(Image created by Topaz user Keith Burrows)

As I (briefly) mentioned before, the library of 200+ presets are divided up into 8 collections that each simulate a different type of black and white style.

The Traditional Collection simulates traditional Silver Gelatin black and white processing with adjustments made to exposure contrast paper tone and more.

The Toned Collection simulates realistic toning of a Silver Gelatin print. Based off of common tones used in a wet-darkroom.

The Stylized Collection offers highly-stylized effects for a variety of creative and artistic black and white looks.

The Cyanotype, Albumen, Van Dyke Brown and Opalotype (non-silver, non-traditional processes) are all based off of historical printing processes (Thank you Nichole!).

The newest collection – Platinum Collection – is highly regarded for broad, delicate tonal ranges and the ability to hold important image detail. Platinum prints range from warm blacks to silvery whites and can contain warm gray tones.

Local Adjustment Brush
Selectivity is key in many adjustments. The Local Adjustment tab features a 5-in-1 selective brush used to dodge, burn, smooth, add color
and enhance detail. Also integrated is advanced edge-aware technology that allows you to easily set the edge sensitivity and then brush freely – letting the brush detect and protect edges for you.

So what does each of the 5 tools do for your image?

Dodge – Lightens specific areas of the image.

Burn – Darkens specific areas of the image.

Color – Brings back original image color…great for black and white with a POP of color!

Detail – Enhances image details.

Smooth – Smoothes out areas…which is great for skin.

Real grain library
Because traditional film grain does not exist in digital photography, the ability to add in grain is great for creating a more authentic and timeless feel. The B&W Effects grain engine offers a variety of grain options that were developed from scans of real film and can be customized for your image.

Quad Toning
This 4-color toning technique is used for specialized color and tone techniques. Typically, you would have control over silver and paper which really offers only two hues, so with quad toning you will benefit from multiple tones and more flexibility in those tonal adjustments.

Quad Color is controlled by the selected Region Color and the corresponding Color Region Slider. Each Color Region spans from 0 to 255 – with 0 being black (the darkest value) and 255 being white (the lightest value).

By clicking on the color squares you can launch the color picker to set your color and then that region will look like the selected color. Then, using the Color Region Slider (below the selected color square) you can specify where that color is introduced into your image.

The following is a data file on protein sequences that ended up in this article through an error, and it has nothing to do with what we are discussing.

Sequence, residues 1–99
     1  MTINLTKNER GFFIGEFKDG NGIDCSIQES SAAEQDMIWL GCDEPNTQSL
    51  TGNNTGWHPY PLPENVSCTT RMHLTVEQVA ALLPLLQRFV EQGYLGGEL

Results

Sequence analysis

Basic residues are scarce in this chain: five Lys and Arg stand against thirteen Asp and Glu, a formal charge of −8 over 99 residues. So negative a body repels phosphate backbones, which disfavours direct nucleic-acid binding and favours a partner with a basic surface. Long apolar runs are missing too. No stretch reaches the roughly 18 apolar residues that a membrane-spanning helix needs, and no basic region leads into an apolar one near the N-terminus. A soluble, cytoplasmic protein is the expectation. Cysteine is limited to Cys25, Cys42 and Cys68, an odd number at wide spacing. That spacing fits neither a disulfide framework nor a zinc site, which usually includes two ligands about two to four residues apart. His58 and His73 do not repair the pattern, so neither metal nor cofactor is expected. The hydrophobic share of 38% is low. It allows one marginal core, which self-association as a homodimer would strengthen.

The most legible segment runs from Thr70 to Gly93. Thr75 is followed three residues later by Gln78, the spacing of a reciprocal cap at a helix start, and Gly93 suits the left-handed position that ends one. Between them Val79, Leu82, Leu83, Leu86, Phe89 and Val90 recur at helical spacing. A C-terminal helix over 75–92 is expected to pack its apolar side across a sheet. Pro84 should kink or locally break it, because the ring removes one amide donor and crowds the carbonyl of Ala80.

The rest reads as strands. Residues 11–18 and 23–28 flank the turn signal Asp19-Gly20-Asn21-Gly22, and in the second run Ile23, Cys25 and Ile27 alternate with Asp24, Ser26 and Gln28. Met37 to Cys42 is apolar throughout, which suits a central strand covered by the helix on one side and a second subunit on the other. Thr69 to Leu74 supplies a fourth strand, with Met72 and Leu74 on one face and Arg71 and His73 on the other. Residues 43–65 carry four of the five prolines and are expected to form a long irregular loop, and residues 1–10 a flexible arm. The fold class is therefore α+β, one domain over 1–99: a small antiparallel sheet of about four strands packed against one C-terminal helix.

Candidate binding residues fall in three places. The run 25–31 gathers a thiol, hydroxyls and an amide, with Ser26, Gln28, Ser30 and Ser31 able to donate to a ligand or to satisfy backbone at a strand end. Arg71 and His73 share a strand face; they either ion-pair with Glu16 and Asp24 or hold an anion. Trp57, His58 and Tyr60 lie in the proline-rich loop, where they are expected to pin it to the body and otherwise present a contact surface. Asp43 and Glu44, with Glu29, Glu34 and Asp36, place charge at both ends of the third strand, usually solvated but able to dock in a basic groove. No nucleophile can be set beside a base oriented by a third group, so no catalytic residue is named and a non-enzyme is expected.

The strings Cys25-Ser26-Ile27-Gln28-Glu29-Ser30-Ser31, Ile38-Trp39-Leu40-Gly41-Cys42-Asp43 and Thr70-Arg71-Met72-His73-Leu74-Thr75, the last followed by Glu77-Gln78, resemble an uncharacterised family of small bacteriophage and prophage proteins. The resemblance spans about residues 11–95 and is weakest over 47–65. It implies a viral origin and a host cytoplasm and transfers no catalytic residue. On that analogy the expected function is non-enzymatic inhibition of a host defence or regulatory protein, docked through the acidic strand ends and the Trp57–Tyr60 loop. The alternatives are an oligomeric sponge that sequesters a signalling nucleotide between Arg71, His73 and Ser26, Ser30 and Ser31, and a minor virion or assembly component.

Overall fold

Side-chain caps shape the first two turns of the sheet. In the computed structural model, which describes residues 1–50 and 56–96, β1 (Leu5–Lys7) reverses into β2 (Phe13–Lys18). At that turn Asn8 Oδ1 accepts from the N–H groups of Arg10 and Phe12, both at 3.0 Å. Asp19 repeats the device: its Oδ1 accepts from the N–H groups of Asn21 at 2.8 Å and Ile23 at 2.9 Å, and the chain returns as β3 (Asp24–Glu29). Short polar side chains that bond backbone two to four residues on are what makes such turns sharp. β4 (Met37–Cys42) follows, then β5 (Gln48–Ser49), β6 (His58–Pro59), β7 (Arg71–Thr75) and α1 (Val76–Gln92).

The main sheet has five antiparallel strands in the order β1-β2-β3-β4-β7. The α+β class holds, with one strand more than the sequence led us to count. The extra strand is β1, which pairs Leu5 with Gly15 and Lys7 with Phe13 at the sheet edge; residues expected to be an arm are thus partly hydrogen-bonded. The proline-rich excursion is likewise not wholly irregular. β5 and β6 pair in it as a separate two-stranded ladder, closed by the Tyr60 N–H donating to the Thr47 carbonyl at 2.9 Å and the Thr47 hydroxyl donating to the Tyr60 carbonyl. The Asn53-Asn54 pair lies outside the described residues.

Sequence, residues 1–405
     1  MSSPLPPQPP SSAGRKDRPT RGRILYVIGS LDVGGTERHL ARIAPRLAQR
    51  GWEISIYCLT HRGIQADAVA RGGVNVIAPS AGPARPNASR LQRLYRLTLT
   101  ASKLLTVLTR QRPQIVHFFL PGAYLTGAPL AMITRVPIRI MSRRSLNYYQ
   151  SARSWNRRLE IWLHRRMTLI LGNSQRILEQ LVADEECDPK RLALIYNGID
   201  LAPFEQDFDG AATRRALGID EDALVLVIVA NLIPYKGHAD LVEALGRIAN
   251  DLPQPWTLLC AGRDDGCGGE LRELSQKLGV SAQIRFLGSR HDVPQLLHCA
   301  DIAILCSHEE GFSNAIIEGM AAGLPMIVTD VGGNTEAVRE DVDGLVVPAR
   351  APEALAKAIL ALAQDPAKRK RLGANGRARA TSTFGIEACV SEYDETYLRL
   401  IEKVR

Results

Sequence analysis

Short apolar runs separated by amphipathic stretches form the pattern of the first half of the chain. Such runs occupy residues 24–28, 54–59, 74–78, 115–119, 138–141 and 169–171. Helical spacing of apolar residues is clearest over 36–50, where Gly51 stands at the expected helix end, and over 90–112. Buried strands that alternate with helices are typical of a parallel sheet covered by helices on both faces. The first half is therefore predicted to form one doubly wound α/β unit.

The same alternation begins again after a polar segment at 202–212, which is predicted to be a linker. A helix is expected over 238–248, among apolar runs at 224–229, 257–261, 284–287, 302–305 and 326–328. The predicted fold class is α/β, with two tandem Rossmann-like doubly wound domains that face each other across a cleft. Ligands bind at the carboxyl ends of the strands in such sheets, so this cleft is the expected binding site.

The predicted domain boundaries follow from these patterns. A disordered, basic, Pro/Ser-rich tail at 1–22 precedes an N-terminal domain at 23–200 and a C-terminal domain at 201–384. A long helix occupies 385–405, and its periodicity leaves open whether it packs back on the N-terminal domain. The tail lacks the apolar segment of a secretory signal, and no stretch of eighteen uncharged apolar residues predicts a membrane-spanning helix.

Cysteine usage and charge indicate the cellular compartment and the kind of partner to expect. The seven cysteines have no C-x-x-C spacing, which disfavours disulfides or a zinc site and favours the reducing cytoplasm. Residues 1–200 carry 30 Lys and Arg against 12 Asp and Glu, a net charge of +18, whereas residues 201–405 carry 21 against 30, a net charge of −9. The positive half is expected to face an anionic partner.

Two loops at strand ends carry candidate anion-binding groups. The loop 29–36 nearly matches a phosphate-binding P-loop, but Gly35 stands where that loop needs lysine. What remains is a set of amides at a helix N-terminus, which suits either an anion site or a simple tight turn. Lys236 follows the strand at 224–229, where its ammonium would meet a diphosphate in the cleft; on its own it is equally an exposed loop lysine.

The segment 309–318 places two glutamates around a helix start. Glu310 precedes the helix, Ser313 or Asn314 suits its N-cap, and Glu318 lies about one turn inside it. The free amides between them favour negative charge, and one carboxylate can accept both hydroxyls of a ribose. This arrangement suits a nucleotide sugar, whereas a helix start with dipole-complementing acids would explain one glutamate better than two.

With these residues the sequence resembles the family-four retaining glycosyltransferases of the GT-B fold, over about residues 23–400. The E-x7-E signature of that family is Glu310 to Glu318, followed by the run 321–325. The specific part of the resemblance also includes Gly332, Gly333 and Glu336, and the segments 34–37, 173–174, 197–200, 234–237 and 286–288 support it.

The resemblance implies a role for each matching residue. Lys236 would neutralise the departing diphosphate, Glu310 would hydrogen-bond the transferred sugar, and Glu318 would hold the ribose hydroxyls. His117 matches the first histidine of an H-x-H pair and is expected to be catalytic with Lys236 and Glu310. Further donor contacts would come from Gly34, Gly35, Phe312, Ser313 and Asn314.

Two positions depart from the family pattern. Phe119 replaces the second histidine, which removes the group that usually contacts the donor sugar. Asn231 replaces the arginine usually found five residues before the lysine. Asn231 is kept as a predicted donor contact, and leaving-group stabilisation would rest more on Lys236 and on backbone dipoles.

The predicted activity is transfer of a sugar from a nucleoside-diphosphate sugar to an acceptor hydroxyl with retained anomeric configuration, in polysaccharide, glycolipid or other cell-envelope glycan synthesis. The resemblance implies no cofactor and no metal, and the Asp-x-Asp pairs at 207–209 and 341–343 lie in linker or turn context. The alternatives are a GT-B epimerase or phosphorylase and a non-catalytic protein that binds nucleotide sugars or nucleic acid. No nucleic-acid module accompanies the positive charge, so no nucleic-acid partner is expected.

Any tone that is that value will have the selected color applied to it. This tool will automatically apply a natural blend from your selected color region to the next selected color region. In the image below you can see how each of the selected colors are applied to each region to create the unique toning effect.

Another great use for Quad Toning is using it to gain additional contrast control over the shades of gray in your image.

So instead of making colorful selections, you can instead select 4 different points on the grey scale (black, white and two additional tones that rest somewhere in between) and then adjust the Color Region sliders to control the overall contrast and control.

This technique is going to offer you immense flexibility and control over your tonal range.

Tip: Play around with the sliders and colors to see exactly how the regions are impacted…this will give you a better example of the various toning effects that can be created.

Creative Effects
Features creative effects like posterize, infared, painterly effects – Simplify, silhouette, quad tone, diffusion, cartoon, grunge and shake. These options are great for adding some creativity to images. Or, if you’ve ever run across an image that you felt was unusable you can repurpose that image by making it more artistic with creative enhancements.

More Color and Tone Options

Color Sensitivity adjusts the sensitivity of different colors throughout the image. Most often I find myself working with the Red and Yellow sliders. The Red slider is also key when you are working with any of the infared presets.